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Control of her craft

A MOMENT WITH . . . PENÉLOPE CRUZ

January 13, 2010|By Rachel Abramowitz

"Control is not a really good friend of acting" says Penélope Cruz over a late afternoon cranberry juice at the Chateau Marmont. Judging from her recent stint of uninhibited performances -- "Vicky Cristina Barcelona," for which she won an Oscar; "Broken Embraces," in which she plays a rich man's mistress in love with a film director; and "Nine," in which she plays the ultra-needy mistress of a film director (we sense a theme for her) -- that might be an understatement.

At 35, after a rocky start in Hollywood where she played a fair share of the so-called handbag roles usually allotted to women, Cruz has turned into one of cinema's most uninhibited and visceral performers.

"You learn to work without [control] and you jump with no net," she says.

Of course, art is one thing. Life is another. On a recent winter afternoon, Cruz is completely controlled, proper and polite -- guided by a publicist to a cozy table, like a trainer leading a thoroughbred. Cruz looks scrubbed and clean, an impression accentuated by her sparkling white T-shirt and lacy sweater.

"Broken Embraces" is Cruz's fourth collaboration with the Spanish director Pedro Almodóvar. For him, she has played a young woman giving birth on a bus ("Live Flesh"), a nun with AIDS in love with a transvestite ("All About My Mother") and a mother determined to protect her daughter at all costs ("Volver"). Yet Lena of "Broken Embraces" is, says Cruz, the "saddest [character] that I have played. It's almost like she surrenders to things going wrong. I always imagined the character walking with this gray cloud following her as she goes."

Lena is certainly one of the most battered by fate and beauty, by men's controlling desire. She's a poor secretary who acquiesces to becoming the mistress of a wealthy industrialist to help her dying father, a Faustian bargain that destroys her when later she tries her hand at acting and falls in love with her director. Cruz plays all of Lena's incarnations with the exquisite ability to render clearly for the audience the character's true self and her various false ones. "She becomes a good actress in real life," Cruz says.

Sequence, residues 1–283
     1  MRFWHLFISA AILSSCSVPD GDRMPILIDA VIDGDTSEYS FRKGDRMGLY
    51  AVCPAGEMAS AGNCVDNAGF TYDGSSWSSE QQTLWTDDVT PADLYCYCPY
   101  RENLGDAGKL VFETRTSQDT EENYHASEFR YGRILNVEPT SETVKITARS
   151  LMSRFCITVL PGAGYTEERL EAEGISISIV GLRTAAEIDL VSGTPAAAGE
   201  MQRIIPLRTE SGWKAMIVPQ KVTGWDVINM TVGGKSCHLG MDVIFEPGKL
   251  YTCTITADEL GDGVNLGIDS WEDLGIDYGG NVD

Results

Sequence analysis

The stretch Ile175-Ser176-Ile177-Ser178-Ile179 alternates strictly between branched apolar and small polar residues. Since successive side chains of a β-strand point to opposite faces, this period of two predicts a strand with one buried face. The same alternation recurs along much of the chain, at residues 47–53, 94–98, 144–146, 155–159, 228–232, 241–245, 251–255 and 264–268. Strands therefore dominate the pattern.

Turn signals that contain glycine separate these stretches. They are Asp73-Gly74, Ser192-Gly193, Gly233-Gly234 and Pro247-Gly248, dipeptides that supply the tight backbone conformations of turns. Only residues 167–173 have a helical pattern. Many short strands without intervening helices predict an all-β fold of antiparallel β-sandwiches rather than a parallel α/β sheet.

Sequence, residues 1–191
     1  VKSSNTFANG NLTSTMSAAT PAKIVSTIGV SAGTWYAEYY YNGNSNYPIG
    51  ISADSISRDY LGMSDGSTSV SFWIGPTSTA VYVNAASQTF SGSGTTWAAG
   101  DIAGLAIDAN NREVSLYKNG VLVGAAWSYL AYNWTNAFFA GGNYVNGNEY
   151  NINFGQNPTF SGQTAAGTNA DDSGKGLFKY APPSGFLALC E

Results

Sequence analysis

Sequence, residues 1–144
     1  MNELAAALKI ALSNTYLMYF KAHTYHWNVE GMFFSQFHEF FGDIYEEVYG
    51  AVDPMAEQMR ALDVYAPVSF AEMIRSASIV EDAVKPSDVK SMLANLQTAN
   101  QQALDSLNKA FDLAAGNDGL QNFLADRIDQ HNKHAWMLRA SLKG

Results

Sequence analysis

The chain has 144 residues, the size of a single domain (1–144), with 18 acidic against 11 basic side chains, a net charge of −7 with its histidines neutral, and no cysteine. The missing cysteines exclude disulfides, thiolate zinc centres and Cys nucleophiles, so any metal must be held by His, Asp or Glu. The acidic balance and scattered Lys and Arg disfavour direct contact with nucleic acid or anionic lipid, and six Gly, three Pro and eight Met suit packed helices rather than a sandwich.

The process of working with her close friend Almodóvar is an intense one, she explains, involving months of sitting in the director's office and trying the scenes in different ways, as if rehearsing for a theater piece. Almodóvar is a meticulous taskmaster. "He will choose everything for the look of an actor, the shoes, the material of the shirt, every hat, everything. There is nothing in one shot that has not been chosen by him. And I really respect that because that takes double the time that most directors would take."

Her role in "Nine" also required intensive rehearsals because of the challenges of mounting a musical. Growing up in the suburbs of Madrid, Cruz had yearned to be a dancer and studied for years, but by the point of being cast in the film, she hadn't danced in what seemed like ages. She also had never sung on screen (she was dubbed for her famous singing scene in "Volver"). "We had a building in the studio where we had a room for singing and a room for dancing and a room for dialect coach. We would go from room to room, all of us," she says.

The film, based on Fellini's "8 1/2 ," tells of a dissolute film director (Daniel Day-Lewis) grappling with creative block and the myriad women in his life, played by a starry array of actresses, including Nicole Kidman, Marion Cotillard, Kate Hudson, Judi Dench, Sophia Loren and Fergie of the Black Eyed Peas. Cruz says the first day was a little surreal. "You don't know what to do. Everywhere you look it's someone amazing."

Already, Cruz has nabbed Golden Globe and Screen Actors Guild supporting actress nominations for her ultra-sensuous performance in "Nine," which puts her in good position for another Oscar run.

And while she downplays the control needed for such passionate roles, she clearly delineates each character's specific emotional journey, which takes a toll.

"Many of them have left me very, very exhausted. You release a lot of things," she says, adding, "I don't take this job as psychology or therapy. I don't think that's very honest, but sometimes it becomes therapeutic in many ways. You get to understand a lot of things about yourself."

rachel.abramowitz@latimes.com

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